Navigation Links
Study looks at psychological impact of gene test for breast cancer
Date:10/2/2008

Personal beliefs about inconclusive DNA testing for hereditary breast cancer are associated with cancer-related worry, and such beliefs are an especially strong predictor of whether women had been able to leave the period of DNA-testing behind, reports a study in the October issue of Genetics in Medicine, official journal of the American College of Medical Genetics (ACMG). The journal is published by Lippincott Williams & Wilkins, a part of Wolters Kluwer Health.

Published during National Breast Cancer Awareness Month, the study lends new insights into how women cope with the results of BRCA testing for hereditary breast canceran increasingly used genetic test in which an "inconclusive" result is common.

Sandra van Dijk, M.A., Ph.D., of Leiden University Medical Center, The Netherlands, assessed psychological adjustment in 215 women who underwent DNA testing for BRCA gene mutations associated with hereditary breast cancer. Of these, 147 womenmore than two-thirds of the totalhad inconclusive results. The results were positive in 37 women and "true negative" in 31.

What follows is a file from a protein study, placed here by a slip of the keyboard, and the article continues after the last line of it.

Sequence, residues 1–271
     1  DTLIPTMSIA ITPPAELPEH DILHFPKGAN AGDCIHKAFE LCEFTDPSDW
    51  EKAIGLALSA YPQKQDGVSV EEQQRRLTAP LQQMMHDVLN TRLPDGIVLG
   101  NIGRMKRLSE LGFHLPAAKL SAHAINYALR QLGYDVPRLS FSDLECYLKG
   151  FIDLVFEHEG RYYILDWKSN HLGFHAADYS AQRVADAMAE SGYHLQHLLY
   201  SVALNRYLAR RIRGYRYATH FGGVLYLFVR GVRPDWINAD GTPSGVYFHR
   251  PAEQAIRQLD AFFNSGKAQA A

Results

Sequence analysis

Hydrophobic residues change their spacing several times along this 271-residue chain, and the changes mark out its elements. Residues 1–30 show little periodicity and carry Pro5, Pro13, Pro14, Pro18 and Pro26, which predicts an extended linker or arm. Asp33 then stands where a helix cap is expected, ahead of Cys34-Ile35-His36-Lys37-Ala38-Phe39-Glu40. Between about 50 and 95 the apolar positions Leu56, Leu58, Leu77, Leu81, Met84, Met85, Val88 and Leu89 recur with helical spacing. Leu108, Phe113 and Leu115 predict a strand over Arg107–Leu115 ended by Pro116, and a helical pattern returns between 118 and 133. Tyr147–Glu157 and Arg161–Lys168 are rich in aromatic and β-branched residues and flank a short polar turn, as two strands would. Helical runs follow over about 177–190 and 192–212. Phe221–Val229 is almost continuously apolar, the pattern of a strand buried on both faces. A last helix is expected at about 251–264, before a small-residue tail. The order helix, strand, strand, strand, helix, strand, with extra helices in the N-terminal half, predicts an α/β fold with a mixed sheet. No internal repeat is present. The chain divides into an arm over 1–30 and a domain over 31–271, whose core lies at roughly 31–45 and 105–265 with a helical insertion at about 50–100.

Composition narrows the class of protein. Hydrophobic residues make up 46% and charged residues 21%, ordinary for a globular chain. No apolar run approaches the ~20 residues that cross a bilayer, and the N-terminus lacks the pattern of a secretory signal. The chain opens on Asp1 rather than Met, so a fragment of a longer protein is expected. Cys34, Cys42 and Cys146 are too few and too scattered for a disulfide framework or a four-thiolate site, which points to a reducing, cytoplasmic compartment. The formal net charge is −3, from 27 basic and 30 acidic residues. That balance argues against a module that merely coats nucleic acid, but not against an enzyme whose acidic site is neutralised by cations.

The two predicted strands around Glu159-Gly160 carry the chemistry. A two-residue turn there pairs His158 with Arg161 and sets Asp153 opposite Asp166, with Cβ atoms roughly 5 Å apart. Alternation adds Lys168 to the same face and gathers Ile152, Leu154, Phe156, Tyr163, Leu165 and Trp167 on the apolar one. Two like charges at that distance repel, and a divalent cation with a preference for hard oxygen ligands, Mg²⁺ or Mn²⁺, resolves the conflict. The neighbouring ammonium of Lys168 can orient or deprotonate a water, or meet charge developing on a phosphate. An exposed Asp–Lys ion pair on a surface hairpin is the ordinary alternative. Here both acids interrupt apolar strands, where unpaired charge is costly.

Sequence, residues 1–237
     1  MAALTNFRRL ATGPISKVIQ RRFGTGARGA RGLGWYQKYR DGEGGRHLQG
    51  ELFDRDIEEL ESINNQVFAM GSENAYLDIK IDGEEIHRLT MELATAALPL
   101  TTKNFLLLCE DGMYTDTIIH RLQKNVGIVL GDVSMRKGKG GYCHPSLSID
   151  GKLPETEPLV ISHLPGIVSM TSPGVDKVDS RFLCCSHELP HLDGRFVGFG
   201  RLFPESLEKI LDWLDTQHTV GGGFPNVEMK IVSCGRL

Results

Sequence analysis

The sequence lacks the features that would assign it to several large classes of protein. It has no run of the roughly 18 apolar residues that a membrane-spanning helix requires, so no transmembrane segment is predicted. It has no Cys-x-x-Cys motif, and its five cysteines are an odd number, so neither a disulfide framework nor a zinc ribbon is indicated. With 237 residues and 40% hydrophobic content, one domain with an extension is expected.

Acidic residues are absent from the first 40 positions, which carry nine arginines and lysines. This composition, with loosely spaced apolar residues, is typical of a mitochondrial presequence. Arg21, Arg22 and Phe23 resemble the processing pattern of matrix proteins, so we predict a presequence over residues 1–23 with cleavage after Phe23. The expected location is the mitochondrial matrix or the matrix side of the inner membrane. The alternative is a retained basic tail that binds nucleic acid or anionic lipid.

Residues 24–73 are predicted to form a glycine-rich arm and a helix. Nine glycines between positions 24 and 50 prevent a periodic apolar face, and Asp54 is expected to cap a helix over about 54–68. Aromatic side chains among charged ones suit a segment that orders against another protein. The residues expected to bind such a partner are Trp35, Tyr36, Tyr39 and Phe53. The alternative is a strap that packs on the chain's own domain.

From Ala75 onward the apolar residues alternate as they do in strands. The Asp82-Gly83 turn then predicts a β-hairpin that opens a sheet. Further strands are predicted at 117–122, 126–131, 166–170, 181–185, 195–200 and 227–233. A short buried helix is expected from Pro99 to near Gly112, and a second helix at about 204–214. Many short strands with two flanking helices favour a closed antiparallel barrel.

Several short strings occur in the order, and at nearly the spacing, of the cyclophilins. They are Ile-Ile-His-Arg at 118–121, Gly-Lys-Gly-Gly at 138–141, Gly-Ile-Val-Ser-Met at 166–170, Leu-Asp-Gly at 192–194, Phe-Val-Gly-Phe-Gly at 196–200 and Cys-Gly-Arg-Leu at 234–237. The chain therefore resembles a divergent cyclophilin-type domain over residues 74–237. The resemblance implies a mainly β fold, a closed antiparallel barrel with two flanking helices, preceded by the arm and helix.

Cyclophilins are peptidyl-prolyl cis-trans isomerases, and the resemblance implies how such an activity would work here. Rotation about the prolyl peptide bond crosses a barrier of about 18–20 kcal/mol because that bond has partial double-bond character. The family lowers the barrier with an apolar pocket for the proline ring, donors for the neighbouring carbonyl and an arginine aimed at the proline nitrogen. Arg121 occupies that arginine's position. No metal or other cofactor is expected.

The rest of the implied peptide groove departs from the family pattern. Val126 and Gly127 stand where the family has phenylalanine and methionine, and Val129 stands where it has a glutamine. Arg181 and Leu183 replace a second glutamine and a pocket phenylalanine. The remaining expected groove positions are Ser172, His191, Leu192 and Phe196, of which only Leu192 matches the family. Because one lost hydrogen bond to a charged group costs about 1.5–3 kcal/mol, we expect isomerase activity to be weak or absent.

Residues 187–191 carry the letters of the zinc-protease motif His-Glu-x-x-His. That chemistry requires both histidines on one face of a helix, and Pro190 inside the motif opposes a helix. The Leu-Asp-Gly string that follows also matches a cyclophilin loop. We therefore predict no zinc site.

Several Factors Affect Adjustment to Uncertainty

An inconclusive result on BRCA testing means the woman carries no genetic mutation currently known to increase breast cancer risk. However, she may still be at increased risk because of unrecognized mutations, or because of other risk factors associated with familial breast cancer. Of women in the study with inconclusive results, about half were still considered to have more than a 30 percent residual risk of a cancer-causing mutation.

When re-evaluated after four years, none of the three groups had "adverse psychological consequences" of BRCA testing, the researchers write. Not surprisingly, women with negative results had the lowest rates of worry and cancer-related distress. For women with inconclusive results, levels of worry and distress were similar to those who tested positive for a BRCA mutation. In all three groups, the women were less worried than before they were tested.

The study found that the women's beliefs about their inconclusive result had an important impact on their psychological adjustment. "For example, women who report feeling uncertain or ambivalent about their inconclusive DNA test result reported higher levels of worry and distress," Drs. Van Dijk and colleagues write. The women's beliefs about their inconclusive results were "very strongly related" to whether they had come to terms with their result and its implications for breast cancer risk.